Uecke demurred.

"(Zielinski) is completely and utterly against me in every way," he countered. "He's been undermining the entire project by going door to door himself and calling people, yet he made no mention to them that he's allowing a new liquor license (at Groppi's) closer to the women that oppose me than I am. And he told no one. He hoped it would quietly pass without the neighbors being informed."

Zielinski has floated what he believes is a viable solution to Uecke.

"If he needs to expand to his capacity, I told him I'd be happy to find another place in Bay View, where there's less housing, we'll make it as big as he wants and accommodate him," Zielinski said. "I'd do whatever I can to support him and help him find a place and at the same time be respectful of the neighborhood. He doesn't want do that; he wants to stay where he is."

On the last point, Uecke agreed.

"I would be willing in the future to open a place on Kinnickinnic (Avenue), but I need an existing place to give me the cash flow and equity in the meantime," Uecke said. "For me to buy a building, relocate, uproot after 10 years, after I put all the time and effort into this building, would be incredibly cost prohibitive. And I'd be giving up one of the best locations in Milwaukee, in a bar district -- because this is a bar district -- right off the highway."

With Bay View becoming a magnet for more and more businesses, including ones that come alive at night, this type of conflict is not unexpected, according to Carol Voss, chair of the Bay View Neighborhood Association, which held a meeting on the expansion Tuesday evening at the Beulah Brinton Center on South Bay Street.

"The challenge is, the character of the neighborhood clearly needs to be maintained, but an evolution improving some elements while absolutely maintaining others is a balancing act," said Voss.

"The Cactus Club renovation plan is just one development that is demonstrating some of the challenges and opportunities our neighborhood faces -- neighbors owe it to themselves to appreciate the pros and cons of each project thoroughly when weighing in. With Bay View's new and older mix of neighbors, and increasing popularity as a place to reside, shop and a destination for nightlife, there is clearly going to be mixed reactions on all issues."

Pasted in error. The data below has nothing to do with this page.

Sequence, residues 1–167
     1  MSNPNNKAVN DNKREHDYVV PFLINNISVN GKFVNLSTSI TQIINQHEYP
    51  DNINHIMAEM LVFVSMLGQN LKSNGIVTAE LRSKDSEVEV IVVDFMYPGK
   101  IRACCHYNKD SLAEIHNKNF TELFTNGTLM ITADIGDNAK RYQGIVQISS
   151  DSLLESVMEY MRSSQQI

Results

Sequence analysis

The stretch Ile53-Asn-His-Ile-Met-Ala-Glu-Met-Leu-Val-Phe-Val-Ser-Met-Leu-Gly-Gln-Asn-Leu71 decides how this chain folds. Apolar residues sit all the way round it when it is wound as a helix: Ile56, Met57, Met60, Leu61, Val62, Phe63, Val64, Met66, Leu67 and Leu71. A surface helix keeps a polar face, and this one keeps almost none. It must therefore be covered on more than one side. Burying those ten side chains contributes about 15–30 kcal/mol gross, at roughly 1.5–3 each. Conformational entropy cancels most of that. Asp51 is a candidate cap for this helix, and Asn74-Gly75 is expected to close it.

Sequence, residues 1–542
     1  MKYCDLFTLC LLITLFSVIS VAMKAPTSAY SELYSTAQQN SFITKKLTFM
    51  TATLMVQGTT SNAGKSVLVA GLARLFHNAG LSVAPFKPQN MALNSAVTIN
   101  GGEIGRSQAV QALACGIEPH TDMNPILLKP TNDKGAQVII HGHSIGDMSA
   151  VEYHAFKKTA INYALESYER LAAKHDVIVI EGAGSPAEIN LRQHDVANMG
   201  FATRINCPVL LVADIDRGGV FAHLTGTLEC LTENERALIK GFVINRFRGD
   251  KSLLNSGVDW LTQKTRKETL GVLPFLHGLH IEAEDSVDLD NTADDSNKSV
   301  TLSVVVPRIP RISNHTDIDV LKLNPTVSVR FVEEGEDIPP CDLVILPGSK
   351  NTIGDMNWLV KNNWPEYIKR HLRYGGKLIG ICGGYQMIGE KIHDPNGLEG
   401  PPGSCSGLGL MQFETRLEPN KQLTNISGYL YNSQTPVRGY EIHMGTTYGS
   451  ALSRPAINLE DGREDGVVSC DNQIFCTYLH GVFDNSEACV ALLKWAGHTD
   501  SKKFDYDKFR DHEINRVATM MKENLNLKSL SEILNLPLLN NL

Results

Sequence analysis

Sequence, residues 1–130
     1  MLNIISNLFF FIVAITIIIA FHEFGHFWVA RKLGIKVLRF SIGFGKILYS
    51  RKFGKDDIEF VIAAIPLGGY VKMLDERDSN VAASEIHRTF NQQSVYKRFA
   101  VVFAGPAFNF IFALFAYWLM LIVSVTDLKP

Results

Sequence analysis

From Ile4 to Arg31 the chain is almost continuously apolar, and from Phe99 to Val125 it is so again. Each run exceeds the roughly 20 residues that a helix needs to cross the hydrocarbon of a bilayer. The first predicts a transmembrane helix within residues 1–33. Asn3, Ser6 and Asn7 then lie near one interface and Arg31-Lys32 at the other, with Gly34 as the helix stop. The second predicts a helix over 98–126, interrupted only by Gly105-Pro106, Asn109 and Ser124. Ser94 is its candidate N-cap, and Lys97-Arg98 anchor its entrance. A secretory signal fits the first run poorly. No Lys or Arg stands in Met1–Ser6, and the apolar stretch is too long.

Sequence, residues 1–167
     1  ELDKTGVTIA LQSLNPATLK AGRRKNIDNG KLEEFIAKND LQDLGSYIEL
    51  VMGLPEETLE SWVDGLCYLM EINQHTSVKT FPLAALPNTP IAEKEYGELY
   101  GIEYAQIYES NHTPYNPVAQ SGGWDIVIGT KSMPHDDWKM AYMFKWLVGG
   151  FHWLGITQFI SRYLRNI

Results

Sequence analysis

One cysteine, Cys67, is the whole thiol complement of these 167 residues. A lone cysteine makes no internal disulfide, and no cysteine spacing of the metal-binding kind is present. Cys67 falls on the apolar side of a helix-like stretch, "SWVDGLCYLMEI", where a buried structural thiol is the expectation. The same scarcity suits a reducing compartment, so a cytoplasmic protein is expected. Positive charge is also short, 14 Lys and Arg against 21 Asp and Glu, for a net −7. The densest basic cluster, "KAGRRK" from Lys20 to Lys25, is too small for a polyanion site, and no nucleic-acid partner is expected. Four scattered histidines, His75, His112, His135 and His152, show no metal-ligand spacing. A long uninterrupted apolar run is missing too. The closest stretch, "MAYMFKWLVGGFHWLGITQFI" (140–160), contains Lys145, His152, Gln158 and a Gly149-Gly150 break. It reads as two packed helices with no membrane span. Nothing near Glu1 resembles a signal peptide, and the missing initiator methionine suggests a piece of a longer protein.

So, to the committee they go and each will certainly bring support. Zielinski can likely count on the neighbors opposed to the project and Uecke will arrive with his attorney and support from his clientele and his colleagues.

"I'm sure one of us (Grotelueschen or Dean) will be there one way or the other (to support Eric at the hearing)," said Club Garibaldi's Grotelueschen.

The Cactus Club hearing will be held in room 301-B on the third floor of City Hall on Tuesday, Sept. 13 at 3 p.m.

Bobby Tanzilo Senior Editor/Writer

Born in Brooklyn, N.Y., where he lived until he was 17, Bobby received his BA-Mass Communications from UWM in 1989 and has lived in Walker's Point, Bay View, Enderis Park, South Milwaukee and on the East Side.

He has published three non-fiction books in Italy – including one about an event in Milwaukee history, which was published in the U.S. in autumn 2010. Four more books, all about Milwaukee, have been published by The History Press.

With his most recent band, The Yell Leaders, Bobby released four LPs and had a songs featured in episodes of TV's "Party of Five" and "Dawson's Creek," and films in Japan, South America and the U.S. The Yell Leaders were named the best unsigned band in their region by VH-1 as part of its Rock Across America 1998 Tour. Most recently, the band contributed tracks to a UK vinyl/CD tribute to the Redskins and collaborated on a track with Italian novelist Enrico Remmert.

He's produced three installments of the "OMCD" series of local music compilations for and in 2007 produced a CD of Italian music and poetry.

In 2005, he was awarded the City of Asti's (Italy) Journalism Prize for his work focusing on that area. He has also won awards from the Milwaukee Press Club.

He can be heard weekly on 88Nine Radio Milwaukee talking about his "Urban Spelunking" series of stories.